The Catholic Church also has the same responsibility, he added.
The prime minister also says he sees some institutions' wish to take advantage of the papal visit and ask for additional funding for other needs.
"The whole funding for the papal visit from the state budget and definitely every euro being asked, not demanded, must be substantiated as we have also seen institutions' wish – I'm speaking about state institutions – to perhaps make use of this occasion, as always, and solve their other problems by receiving additional funding. But it's really not that visit which needs to be used to solve some internal issues," the prime minister told journalists on Friday.
And all institutions, including the Church, will have to provide reports on how and where they plan to spend budget funds, Skvernelis added.
"Every used euro, allocated to the Church by the state will be accounted for to the public," the prime minister said.
BNS Lithuania reported earlier that Lithuanian institutions and the Catholic Church are coordinating financial issues related to the upcoming visit of Pope Francis, with funds to be spent on stages, protection, decorations.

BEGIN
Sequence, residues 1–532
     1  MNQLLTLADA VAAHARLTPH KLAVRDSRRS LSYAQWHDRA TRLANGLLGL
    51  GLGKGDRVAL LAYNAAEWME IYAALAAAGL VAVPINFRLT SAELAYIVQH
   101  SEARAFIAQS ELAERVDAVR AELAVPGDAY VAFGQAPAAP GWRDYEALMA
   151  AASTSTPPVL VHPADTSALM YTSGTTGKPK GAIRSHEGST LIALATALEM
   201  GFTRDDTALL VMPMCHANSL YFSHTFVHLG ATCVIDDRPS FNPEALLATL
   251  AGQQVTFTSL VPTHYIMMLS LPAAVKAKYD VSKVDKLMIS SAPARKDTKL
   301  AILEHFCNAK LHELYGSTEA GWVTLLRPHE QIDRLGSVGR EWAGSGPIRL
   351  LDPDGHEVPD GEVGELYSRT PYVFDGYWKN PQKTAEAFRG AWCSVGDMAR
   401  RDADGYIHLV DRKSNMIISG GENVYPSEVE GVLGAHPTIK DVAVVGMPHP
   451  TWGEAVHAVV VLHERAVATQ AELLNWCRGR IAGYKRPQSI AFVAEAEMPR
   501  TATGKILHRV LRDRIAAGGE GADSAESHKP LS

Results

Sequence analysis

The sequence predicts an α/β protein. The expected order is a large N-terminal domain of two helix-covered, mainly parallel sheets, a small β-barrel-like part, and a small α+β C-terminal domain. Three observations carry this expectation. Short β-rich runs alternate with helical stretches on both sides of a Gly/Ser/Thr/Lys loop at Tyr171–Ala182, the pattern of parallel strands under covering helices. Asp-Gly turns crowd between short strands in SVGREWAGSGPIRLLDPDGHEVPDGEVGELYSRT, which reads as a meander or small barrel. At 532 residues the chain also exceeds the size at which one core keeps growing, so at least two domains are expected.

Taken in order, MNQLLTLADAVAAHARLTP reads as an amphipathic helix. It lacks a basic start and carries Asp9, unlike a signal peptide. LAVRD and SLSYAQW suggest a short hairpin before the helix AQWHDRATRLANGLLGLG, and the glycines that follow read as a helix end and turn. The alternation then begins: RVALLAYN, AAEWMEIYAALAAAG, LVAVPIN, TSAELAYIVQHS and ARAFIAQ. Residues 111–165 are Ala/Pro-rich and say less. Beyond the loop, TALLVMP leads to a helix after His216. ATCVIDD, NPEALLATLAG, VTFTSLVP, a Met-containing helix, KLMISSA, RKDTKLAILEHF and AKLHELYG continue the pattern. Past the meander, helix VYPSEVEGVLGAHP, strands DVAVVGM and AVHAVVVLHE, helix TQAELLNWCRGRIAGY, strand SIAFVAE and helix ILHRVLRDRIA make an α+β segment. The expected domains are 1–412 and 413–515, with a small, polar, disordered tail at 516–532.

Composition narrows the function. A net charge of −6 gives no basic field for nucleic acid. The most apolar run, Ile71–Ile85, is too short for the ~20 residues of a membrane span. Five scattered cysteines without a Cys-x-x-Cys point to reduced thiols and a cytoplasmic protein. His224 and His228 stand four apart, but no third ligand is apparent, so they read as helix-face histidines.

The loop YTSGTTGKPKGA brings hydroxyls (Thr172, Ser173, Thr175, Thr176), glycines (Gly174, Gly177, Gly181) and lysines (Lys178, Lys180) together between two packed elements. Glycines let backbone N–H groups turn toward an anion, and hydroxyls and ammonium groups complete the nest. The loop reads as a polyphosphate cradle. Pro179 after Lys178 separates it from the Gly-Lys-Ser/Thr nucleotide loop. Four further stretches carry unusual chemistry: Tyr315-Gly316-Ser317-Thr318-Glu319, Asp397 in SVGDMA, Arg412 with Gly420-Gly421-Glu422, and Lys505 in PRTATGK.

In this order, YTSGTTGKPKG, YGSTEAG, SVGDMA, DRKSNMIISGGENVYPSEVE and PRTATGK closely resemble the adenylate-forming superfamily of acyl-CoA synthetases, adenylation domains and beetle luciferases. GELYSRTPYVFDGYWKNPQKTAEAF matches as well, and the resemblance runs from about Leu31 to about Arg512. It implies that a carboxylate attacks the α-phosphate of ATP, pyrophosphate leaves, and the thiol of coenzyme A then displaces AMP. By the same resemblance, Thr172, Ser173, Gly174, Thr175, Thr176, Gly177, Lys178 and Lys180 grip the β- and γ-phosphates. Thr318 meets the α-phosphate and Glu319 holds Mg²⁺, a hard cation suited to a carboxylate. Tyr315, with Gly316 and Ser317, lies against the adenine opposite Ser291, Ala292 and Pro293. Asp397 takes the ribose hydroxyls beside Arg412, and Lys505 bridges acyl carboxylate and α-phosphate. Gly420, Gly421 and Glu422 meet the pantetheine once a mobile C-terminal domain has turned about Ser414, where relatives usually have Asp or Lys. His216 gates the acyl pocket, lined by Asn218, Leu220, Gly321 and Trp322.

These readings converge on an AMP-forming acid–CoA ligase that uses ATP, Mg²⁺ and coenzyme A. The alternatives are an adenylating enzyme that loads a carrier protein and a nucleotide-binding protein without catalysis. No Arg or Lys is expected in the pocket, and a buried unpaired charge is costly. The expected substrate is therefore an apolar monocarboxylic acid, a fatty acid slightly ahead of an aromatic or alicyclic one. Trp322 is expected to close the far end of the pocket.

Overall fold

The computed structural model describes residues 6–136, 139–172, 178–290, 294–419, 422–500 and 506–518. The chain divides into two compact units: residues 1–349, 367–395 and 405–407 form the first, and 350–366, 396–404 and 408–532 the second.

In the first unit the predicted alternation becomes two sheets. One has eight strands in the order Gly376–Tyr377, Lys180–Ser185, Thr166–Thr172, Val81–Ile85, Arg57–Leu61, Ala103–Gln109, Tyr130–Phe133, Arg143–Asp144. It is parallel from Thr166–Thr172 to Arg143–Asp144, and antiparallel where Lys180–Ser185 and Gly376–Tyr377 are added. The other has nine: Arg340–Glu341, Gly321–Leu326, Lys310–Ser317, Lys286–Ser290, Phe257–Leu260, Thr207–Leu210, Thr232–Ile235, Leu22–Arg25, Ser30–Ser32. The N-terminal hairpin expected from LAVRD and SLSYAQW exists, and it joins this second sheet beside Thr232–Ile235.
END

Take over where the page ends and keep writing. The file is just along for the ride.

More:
Despite almost all institutions preparing for the papal visit having already published their expenditure estimates, the Church plans to publish its figures only after the visit.
A governmental working group assessing the necessity of the planned expenses held a meeting recently. In early July, the government decided to compensate up to 1.75 million euros of costs related to preparations for the upcoming two-day visit of Pope Francis.
The lion's share – over 1.2 million euros – will be allocated to the Catholic Church of Lithuania via the Ministry of Foreign Affairs. And the VIP Protection Department will receive up to 248,000 euros via the Ministry of the Interior.
Vilnius authorities are set to receive up to 109,000 euros, and Kaunas autohirities will get up to 163,000 euros. Over 28,000 euros will be allocated to the Ministry of Health.
The Church says it will publish its financial reports after the papal visit as now these are only estimates and figures might later change. On top of the 1.2 million euros allocated by the government, the Church plans to additionally spend 0.5 million euros of its own funds and also funds from various foundations and donations.
The police management say they had asked for additional funding for to the papal visit but were not allocated any. Despite that, security during the visit will be ensured, although fewer police officers will work on other days due to the re-distribution of human resources.
Edvardas Šileris, a deputy police commissioner general, said earlier this week that the police would additionally need at least 600,000 euros for the papal visit.
Pope Francis will visit Lithuania on Sep. 22-23 and later on travel to Latvia and Estonia.
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